January 26 – March 18, 2023
Jonathan Hammer | The Raft of Medusa
Galeria La Caja Negra
Fernando VI, 17-2 Left, 28004 Madrid ES
In 1819, Géricault’s celebration of disaster, The Raft of the Medusa, caused an uproar, shocking the public by its realism, the strength of its composition, and the anatomical putrefaction of the corpses depicted. A masterpiece of Romanticism, the painter captures the moment of maximum contrast between the pure horror of those shipwrecked and the distant hope of a waning sail. We witness the carnal beauty of bodies, mixed with the repulsion of decaying flesh, best remembered by catastrophic anthropophagy…cannibalism.
The Medusa, the curly coifed monster, fits neatly within Jonathan Hammer’s use of the Octopus as a surrogate of self portraiture. This Gorgon’s effigy in Ancient Greece, an image that adorned temples, and the shields of heroes, embodies a symbolic reversal. It protects them against the evil eye she casts, or turns the spectator to stone. Hers is both an apotropaic figure, and a curse, as her own image reflected on Perseus’ shield is used to destroy her. Isn’t this the central engagement of art: to look, and to be seen ? The shiver of danger that turns to victory.
The work of Jonathan Hammer at La Caja Negra, draws from these historical sources while overlaying contemporary concerns. His new graphics, and ceramic sculptures, are instruments of representation that shed light on an otherwise hidden world tinged by transformation, by the infinite richness of the minuscule, and by the ambivalence of forms. The presence of danger (the arm of a swimmer in the larger of the etchings, recalls a horrible diving accident the artist experienced 20 years ago) is mirrored as inner exploration. Aquatic enchantments coexist with monsters in shapes fantastical and disturbing.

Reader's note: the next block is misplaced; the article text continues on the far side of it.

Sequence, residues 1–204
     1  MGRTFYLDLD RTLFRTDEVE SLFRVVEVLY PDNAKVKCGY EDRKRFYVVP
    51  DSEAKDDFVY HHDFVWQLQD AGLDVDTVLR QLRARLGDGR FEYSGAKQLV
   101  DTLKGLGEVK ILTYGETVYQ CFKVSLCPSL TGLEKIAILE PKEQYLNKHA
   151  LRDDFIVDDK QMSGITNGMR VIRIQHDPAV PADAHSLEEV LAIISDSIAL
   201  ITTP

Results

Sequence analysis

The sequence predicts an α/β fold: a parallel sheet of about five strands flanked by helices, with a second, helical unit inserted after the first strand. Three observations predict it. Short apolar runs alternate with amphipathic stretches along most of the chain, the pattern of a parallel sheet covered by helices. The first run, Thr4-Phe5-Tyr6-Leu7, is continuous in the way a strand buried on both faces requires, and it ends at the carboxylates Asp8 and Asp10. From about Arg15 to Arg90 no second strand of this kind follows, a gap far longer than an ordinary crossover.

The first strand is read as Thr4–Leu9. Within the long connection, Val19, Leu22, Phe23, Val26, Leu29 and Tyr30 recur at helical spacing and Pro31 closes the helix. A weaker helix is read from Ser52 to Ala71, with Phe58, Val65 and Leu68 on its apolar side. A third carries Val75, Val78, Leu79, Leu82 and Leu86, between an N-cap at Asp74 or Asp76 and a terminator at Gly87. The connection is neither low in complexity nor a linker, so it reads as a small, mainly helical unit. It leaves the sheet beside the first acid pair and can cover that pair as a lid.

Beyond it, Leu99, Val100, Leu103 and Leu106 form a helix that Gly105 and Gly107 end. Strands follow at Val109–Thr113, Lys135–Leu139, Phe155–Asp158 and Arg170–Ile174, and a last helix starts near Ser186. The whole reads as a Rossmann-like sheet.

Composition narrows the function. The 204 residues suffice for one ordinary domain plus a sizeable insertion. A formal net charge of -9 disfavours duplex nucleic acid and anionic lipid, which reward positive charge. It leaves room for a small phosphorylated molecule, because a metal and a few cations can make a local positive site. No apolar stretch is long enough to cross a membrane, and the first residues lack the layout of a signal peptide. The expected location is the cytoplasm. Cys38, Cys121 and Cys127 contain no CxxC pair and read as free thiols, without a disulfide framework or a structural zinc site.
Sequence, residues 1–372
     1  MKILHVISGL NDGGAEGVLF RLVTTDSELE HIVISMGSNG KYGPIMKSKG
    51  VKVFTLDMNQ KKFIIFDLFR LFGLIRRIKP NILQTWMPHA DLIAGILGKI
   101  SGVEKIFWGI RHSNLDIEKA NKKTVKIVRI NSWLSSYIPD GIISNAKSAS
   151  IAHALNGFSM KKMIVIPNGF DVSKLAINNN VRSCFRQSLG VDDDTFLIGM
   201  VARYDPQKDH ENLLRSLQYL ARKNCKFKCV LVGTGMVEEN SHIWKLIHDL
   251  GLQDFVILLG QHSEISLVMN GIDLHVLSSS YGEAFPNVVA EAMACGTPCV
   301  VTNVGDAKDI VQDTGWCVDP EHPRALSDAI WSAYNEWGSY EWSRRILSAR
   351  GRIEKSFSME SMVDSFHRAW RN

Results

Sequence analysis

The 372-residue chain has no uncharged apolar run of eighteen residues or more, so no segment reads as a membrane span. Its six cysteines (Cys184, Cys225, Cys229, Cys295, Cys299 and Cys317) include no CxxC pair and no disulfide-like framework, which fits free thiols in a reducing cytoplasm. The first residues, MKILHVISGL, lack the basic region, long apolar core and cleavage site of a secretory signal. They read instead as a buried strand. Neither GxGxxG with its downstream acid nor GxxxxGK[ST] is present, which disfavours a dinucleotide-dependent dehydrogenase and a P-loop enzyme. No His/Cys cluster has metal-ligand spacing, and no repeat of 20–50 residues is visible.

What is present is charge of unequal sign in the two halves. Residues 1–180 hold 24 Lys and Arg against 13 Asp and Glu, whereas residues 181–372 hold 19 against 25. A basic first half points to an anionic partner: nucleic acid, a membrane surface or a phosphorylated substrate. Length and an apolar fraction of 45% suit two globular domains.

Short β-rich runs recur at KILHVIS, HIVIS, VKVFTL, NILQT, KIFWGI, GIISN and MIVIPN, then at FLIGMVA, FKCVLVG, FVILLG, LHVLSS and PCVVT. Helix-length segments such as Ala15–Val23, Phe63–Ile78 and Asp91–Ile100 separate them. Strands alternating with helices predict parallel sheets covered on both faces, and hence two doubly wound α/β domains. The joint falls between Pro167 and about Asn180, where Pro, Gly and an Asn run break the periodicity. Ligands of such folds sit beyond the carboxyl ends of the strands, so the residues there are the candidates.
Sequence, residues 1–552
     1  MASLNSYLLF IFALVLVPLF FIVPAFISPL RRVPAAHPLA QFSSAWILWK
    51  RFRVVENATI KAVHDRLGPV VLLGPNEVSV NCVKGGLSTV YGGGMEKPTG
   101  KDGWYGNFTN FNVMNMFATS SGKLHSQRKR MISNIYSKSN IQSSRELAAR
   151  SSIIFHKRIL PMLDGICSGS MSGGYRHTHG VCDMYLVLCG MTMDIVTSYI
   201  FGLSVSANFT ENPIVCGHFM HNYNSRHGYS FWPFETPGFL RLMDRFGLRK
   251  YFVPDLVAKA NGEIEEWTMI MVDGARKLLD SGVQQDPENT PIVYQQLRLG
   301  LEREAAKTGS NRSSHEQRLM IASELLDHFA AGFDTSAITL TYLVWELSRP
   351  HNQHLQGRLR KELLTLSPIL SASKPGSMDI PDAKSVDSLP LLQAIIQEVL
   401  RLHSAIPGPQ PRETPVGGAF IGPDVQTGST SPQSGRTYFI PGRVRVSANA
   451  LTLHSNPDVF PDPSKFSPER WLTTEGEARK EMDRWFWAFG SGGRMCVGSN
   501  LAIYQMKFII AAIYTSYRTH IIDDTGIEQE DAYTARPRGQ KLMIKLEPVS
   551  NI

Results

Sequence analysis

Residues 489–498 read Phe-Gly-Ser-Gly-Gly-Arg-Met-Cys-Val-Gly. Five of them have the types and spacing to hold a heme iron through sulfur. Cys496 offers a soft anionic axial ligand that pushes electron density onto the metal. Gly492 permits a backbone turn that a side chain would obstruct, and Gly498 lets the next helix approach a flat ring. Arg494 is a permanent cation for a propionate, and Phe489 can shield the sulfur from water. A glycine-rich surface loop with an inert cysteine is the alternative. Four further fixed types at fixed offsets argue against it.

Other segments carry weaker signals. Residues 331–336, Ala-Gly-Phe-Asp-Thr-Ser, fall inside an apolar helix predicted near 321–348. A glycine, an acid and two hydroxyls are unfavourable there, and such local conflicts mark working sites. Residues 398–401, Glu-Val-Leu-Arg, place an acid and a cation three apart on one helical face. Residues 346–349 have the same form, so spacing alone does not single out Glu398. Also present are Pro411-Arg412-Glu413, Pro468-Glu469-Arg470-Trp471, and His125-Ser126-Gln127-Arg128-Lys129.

The two prints display a world of complex layered microbial anger, while at the same time offering forth a kind of random and vivid sea-world beauty. Hammer’s use of etching and collage over monotype, allows for individual variegations that match the swell and ebb of the sea. Wreckage is everywhere, but so is a kind of heroic yearning. The ceramic works included in the exhibition echo the same themes. How can the ugly, the monstrous, be portrayed in so exquisite a manner? The clay descends in fire to hell, and rises afterward in a volcanic reborn state as unimaginable creatures and landscapes. Are the two Gaias bristling with stingers or architectural towers, are the sculptures tectonic or viral forms? On the verge of abstraction, Hammer gives our fears and hopes the gleaming of a saturated and unstable world.
The monotype technique creates unique prints. Hammer further cultivates this individuality by generating a double, “ghost” image, pulled as a second impression off the press. He then overdraws, creating an original work on paper that produces an ambiguous second alternative of the first print. These ghosts offer a more open lyricism to the exhibition, a more breathable, oxygenated world. They are fine examples of the central complexity of the artist’s project, which waivers between evidence and palimpsest, simplicity and visual palindrome.
The Raft of the Medusa marks the 9th solo exhibition of Jonathan Hammer in Spain, and his first with Galeria la Caja Negra. In it, the artist insists on untying the typical bonds of printmaking and ceramics by allowing lustrous combinations urged by freedom and release from constraint.